“The Internet changes everything,” Microsoft’s Bill Gates famously stated back in 1999. But there are some parts of industry relatively untouched by the Internet, at least according to Richard Soley, executive director of the Industrial Internet Consortium (IIC).
During his keynote address at Smart Industry 2015 in Chicago, Soley pointed out that the ladder diagrams for the programmable controllers used in discrete manufacturing in 1980 are much the same as the ones used today. “35 years later we still program these things with ladder,” he said, “and worse, although it’s got an Internet port on it now, it doesn’t connect to the IT infrastructure of the plant.” Why not?
Soley attributes this missed opportunity to a lack of Internet thinking. “When this device was designed, and then redesigned and redesigned over the past 35 years, no one ever said, ‘I wonder what we can do with the Internet to connect this with the other information resources in the plant?’”
This oversight will soon be rectified if Soley and the member companies of the Industrial Internet Consortium have anything to say about it. The IIC, launched in March 2014 by AT&T, Cisco, GE, IBM and Intel now numbers more than 200 member companies and intends to speed the adoption of that “Internet thinking” in discrete manufacturing as well as other verticals across the industrial landscape.
The IIC’s stated mission is, “To accelerate growth of the Industrial Internet by coordinating ecosystem initiatives to connect and integrate objects with people, processes and data using common architectures, interoperability and open standards that lead to transformational business outcomes.”
To do this, the organization has set up a sandbox, where companies come together to work out hypotheses that enable identification and development of necessary standards to support the evolvement of industry. This sandbox has taken the form of organized testbeds where, according to the IIC, “new technologies, new applications, new products, new services, new processes—can be initiated, thought through, and rigorously tested to ascertain their usefulness and viability before coming to market.”
There are currently eight IIC testbeds either in progress or already completed, such as the Condition Monitoring & Predictive Maintenance Testbed, conducted by IBM and National Instruments, and the Communication & Control Testbed for Microgrid Applications run by Real-Time Innovations, National Instruments and Cisco. From the results of these testbeds, the IIC and its member companies are learning what is needed to move the Industrial Internet forward in a way that will enable solutions to thorny issues such as interoperability and security.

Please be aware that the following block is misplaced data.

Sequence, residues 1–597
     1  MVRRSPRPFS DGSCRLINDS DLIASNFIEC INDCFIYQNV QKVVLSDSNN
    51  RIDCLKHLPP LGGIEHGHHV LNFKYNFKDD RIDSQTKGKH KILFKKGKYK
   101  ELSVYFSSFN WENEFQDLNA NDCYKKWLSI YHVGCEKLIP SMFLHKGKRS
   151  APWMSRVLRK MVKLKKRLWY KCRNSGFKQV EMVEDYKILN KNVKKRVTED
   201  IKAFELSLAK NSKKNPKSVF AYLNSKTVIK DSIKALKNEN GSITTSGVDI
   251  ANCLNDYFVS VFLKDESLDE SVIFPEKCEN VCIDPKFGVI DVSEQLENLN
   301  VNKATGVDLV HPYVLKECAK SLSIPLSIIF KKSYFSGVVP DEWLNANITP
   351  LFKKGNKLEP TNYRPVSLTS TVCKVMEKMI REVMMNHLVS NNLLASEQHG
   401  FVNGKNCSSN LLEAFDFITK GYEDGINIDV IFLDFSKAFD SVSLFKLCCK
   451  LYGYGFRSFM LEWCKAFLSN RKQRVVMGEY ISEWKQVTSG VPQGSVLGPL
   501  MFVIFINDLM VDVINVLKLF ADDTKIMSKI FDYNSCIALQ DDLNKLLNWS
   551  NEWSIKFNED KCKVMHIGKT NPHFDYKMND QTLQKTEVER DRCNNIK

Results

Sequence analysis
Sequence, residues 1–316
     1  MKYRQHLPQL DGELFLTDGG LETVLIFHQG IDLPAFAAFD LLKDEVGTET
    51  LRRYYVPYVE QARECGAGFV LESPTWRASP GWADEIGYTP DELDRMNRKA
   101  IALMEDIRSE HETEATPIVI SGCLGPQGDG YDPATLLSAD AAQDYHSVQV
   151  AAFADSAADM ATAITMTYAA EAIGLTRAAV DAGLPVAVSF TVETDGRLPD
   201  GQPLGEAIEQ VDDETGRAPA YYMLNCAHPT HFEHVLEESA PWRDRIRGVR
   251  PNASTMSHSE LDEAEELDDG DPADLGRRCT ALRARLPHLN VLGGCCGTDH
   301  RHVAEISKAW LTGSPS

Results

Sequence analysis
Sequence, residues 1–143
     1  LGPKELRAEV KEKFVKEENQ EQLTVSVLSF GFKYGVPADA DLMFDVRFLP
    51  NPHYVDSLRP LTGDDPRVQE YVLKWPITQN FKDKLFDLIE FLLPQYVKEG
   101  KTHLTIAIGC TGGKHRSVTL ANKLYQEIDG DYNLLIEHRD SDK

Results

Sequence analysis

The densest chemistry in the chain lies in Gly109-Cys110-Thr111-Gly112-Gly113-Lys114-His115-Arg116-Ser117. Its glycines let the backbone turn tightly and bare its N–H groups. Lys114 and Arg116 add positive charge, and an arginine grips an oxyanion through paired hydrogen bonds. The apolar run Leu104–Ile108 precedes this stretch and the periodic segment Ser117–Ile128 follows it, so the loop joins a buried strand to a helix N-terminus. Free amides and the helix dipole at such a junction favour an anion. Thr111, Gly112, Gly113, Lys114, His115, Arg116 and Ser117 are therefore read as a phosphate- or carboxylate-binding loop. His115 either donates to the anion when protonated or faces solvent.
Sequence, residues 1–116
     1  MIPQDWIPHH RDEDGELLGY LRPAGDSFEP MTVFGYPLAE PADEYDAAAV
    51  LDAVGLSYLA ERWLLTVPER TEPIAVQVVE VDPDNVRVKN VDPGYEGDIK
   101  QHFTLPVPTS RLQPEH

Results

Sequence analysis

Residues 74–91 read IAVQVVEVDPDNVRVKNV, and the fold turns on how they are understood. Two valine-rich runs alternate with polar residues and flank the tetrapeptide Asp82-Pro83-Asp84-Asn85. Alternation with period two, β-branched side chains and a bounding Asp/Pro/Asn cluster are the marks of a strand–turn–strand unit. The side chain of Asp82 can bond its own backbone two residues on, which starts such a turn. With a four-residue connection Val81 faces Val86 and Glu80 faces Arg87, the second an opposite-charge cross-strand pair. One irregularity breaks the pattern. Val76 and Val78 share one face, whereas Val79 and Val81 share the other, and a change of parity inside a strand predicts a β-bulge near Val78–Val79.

The organization also recently issued its first draft of its Industrial Internet Reference Architecture (IIRA), which is intended to provide a common language to enable faster Industrial IoT deployment and a blueprint for standards development to come (see sidebar, below).
Reference Architecture lays groundwork for IIoT
"The goal and the challenge of the Industrial Internet Reference Architecture [IIRA] is to span the Industrial Internet of Things,” said Stan Schneider, CEO of Real-Time Innovation (RTI) and member of the Industrial Internet Consortium (IIC) Steering Committee in his Smart Industry 2015 keynote address. “These systems might not all talk to each other today," Schneider said, but the common architecture to come will "connect sensor to cloud, interoperate between vendors, and span industries."
Schneider provided a high-level overview of the 102-page IIRA document, aiming for breadth over depth. For example, the opening "viewpoints" section of the IIRA, said Schneider, address "how different parts of organizations look at the architecture: who is going to use it, what it's going to do, how we're going to build it – which are quite different things. It also talks about resilience, which is the ability to respond and keep running in the face of adverse conditions," as well as data collection, security, representation, and analysis.
Schneider called out three IIRA topic areas for special attention: connectivity, which is how to communicate information between different parts of the organization; data management, which is about how that information is represented; and control and dynamic composition, which describes the ability to build and modify systems that are in the field over an extended period of time. In fact, Schneider claimed that the long-term value of a reference architecture lies precisely in "the ability to implement continual process improvements thanks to common data platforms."
This work being done by the IIC, said Schneider, has the potential improve on the traditional time required to move from use case to product by a factor of 10, from approximately 20 years to about two, by engaging in all aspects of the development process simultaneously, from identifying the use cases and defining the standards to building test beds and finally releasing industry-ready products.
For example, the first release of the IIRA took place while the IIC was simultaneously proving out seven test beds, with 10 more in the approval process. Demonstrations have already taken place in New York and Barcelona of products that are partly in compliance with IIC standards.
How is it possible to execute this kind of plan? "The level of expertise in the IIC is immense," said Schneider. "There are many, many companies [working on this effort], lots of architects, lots of real experience with systems that work and don't work. That power has allowed this architecture plan to come together."
The next iteration if the IIRA is expected within 12-18 months. The 102-page document can be downloaded at the Industrial Internet Consortium web site. -- by Tom Wilk